Officials from Cherokee County and the City of Canton, along with a number of area residents, gathered at the brand new Cherokee County Fire and Emergency Services Station No. 9 recently to celebrate the station’s grand opening.

“We’re tickled to death to be here today,” Cherokee County Fire Chief Tim Prather said. “It took a long time to get here.”

A joint effort between the city and county, the $4.3 million fire station sits north of downtown Canton on Reinhardt College Parkway, just across the road from the old Fire Station No. 9, which started life in the 1970s as the fire station for the North Canton Volunteer Fire Department. Ground was broken on the new facility in June 2019.

“We knew this project would take vision and dedication,” Assistant Fire Chief Eddie Robinson said. “Fire Station No. 9 is one of the busiest stations in the county. This new station comes in at 11,631 square feet and even with this unique, modern design, it only required us to disturb about 5 acres of land.”

Cherokee County Board of Commissioners Chairman Harry Johnston said, “What a great day for the greatest county in Georgia. We’ve come a long way.”

“We’re so happy to have you here. This exemplifies what can happen when the city and the county come together. We’re very proud of this. Consolidation was one of the best decisions we made,” Canton Mayor Bill Grant added.

The new Station No. 9 was dedicated to Charlie Ferguson, who played a key role in establishing the North Canton Volunteer Fire Department and served with the unit for many years. A plaque commemorating Ferguson’s service to the volunteer agency was unveiled beside the new station’s front door by members of his family, while Ferguson’s daughter, Frankie Ferguson Shepherd, gave a few remarks during the ceremony.

“I want to thank Chief Prather for honoring my father,” she said. “Charlie loved the fire station. He would leave home at 7 in the morning and sometimes I would have to call him at midnight and tell him to come home.”

Not only did Ferguson work with other members of the community to make the North Canton Volunteer Fire Department, the first African-American volunteer fire department in Georgia, become a reality and serve the North Canton area with pride, but Shepherd said he was instrumental in paying many of the department’s bills. She added he would be ecstatic to see the new fire station and that it was being dedicated in his memory.

In addition to recognizing Ferguson, those in attendance gave a standing ovation to event attendee James Morris, who served as a firefighter with the North Canton Volunteer Fire Department for many years and was its last chief.

Robinson described some of the features that helps set the new station apart while keeping the firefighters stationed there safe and ready to effectively assist residents of the area in emergency situations. For example, the doors to the vehicle bays do not roll up like traditional doors, but instead part in the middle and go to the side, a method Robinson said would make it easier for trucks pulling out in a hurry not to have to worry about the top of the vehicle catching on the door before it had fully opened. In addition, both of the main hallways in the living quarters side of the building are straight hallways, which will save time as the firefighters will not have to go around corners to get to the vehicles needed in that specific situation. The vehicle bay is equipped with negative pressure ventilation that can easily and quickly remove dangerous gasses and carcinogens from the building, while a room designed specifically for turnout gear is also able to keep such harmful elements from getting into the rest of the station.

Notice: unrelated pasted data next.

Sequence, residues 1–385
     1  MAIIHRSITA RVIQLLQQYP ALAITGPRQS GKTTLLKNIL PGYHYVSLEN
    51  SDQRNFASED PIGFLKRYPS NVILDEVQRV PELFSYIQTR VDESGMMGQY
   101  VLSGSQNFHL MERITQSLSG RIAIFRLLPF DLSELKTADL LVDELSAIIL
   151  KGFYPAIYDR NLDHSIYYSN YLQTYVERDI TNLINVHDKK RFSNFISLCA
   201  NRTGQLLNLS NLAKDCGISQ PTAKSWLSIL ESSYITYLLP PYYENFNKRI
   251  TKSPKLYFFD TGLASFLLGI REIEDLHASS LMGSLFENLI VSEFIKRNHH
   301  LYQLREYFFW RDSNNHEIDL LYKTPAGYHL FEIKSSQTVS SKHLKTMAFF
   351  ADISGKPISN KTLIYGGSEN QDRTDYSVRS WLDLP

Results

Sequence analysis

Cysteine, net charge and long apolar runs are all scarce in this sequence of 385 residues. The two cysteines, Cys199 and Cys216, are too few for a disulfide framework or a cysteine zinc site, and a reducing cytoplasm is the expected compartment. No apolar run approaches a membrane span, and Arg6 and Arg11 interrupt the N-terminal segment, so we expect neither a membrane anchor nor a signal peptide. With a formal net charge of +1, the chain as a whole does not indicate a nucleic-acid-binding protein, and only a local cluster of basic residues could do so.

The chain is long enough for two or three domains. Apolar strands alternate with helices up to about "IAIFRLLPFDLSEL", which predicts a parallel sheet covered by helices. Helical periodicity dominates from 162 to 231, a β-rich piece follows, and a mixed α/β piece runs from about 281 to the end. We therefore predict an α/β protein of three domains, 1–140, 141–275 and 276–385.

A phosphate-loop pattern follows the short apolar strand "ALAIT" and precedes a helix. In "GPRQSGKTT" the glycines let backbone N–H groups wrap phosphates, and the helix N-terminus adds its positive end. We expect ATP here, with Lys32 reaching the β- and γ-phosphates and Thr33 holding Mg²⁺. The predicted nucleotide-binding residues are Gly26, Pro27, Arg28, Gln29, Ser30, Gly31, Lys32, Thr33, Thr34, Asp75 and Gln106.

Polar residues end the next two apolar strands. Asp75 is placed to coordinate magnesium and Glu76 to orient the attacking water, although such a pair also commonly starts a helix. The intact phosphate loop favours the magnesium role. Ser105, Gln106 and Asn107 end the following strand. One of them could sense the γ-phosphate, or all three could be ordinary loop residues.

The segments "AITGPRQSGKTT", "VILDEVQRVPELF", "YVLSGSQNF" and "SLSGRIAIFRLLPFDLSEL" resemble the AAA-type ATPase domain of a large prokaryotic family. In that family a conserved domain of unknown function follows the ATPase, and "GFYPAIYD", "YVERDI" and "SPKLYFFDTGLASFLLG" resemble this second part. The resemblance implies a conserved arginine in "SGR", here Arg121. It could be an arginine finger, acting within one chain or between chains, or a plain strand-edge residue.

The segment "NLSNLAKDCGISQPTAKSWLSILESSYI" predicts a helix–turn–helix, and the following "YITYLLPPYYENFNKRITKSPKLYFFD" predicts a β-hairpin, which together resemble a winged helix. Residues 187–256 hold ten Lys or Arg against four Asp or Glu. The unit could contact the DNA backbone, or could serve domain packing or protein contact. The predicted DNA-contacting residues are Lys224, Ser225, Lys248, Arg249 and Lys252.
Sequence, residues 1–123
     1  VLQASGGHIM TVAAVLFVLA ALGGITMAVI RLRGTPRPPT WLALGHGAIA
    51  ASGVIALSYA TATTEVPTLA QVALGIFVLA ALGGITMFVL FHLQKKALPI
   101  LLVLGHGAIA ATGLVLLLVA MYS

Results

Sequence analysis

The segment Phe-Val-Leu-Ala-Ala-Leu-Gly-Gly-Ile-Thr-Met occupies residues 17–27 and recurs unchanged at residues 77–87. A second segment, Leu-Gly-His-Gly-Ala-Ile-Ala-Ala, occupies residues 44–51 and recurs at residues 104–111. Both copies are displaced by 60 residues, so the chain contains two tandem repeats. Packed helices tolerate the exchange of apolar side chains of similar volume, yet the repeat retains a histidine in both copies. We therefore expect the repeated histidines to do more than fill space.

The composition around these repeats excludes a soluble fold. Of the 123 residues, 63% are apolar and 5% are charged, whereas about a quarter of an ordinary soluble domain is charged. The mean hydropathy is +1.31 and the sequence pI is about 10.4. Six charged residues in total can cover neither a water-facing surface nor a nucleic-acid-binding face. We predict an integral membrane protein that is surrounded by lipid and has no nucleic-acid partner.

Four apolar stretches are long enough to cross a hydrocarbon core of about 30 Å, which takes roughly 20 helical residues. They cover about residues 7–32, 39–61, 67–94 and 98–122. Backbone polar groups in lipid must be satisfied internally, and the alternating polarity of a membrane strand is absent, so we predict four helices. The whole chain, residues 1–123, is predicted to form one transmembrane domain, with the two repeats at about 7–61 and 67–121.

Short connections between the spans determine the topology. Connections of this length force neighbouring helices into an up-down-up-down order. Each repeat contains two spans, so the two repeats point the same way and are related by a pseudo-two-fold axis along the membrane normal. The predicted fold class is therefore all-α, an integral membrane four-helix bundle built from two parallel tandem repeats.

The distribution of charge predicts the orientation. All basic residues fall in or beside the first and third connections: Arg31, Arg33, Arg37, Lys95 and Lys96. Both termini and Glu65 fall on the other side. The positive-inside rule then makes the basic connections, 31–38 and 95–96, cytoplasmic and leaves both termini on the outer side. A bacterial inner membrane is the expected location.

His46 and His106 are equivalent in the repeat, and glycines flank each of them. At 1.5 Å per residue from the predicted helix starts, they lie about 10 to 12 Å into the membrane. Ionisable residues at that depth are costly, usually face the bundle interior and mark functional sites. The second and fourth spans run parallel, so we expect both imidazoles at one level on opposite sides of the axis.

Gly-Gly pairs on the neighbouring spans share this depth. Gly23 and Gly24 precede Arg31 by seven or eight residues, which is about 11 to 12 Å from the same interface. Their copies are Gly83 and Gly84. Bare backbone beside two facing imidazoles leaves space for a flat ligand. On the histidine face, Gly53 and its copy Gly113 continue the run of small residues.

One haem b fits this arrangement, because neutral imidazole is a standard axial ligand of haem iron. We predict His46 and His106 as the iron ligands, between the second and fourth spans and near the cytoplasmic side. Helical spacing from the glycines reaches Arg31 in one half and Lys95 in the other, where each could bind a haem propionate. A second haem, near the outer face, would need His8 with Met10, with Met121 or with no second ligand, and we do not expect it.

One key improvement the new station building has over the old facility is the amount of living space available for the firefighters stationed there. As the old Station No. 9 was built as a volunteer station and not designed to be lived in, the firefighters there were in fairly cramped quarters. However, at the new station, there are 12 individual bunk rooms, one for each firefighter per shift and provide a decent amount of space to live in while on duty at the station. With the greater amount of space available, the new station includes office space for the watch officer and commanding officer, an exercise room, locker rooms with private restroom and shower space and a kitchen and dining area large enough for an entire shift to eat family-style meals together.

“In closing, I will tell you the best feature of this facility is the highly motivated, well trained, physically and mentally fit firefighters that are assigned here to serve you in a more effective and efficient manner,” Robinson said.

Just before the ceremony concluded, Prather was joined by Morris, Johnston, Grant, Canton City Councilwomen Sandy McGrew and JoEllen Wilson, county commissioners Ray Gunnin and Corey Ragsdale, former board of commissioners chair Buzz Ahrens, County Manager Jerry Cooper, Sheriff Frank Reynolds and other local officials outdoors in front of the station’s vehicle bay for the uncoupling ceremony. Robinson explained that, similar to a ribbon-cutting at a new business, two coupled fire hoses are laid out in front of the vehicle bay doors, which are then held up and uncoupled from each other to signal the station’s official opening.

Following the uncoupling, those in attendance were allowed to take a tour of the new station and enjoy some refreshments.

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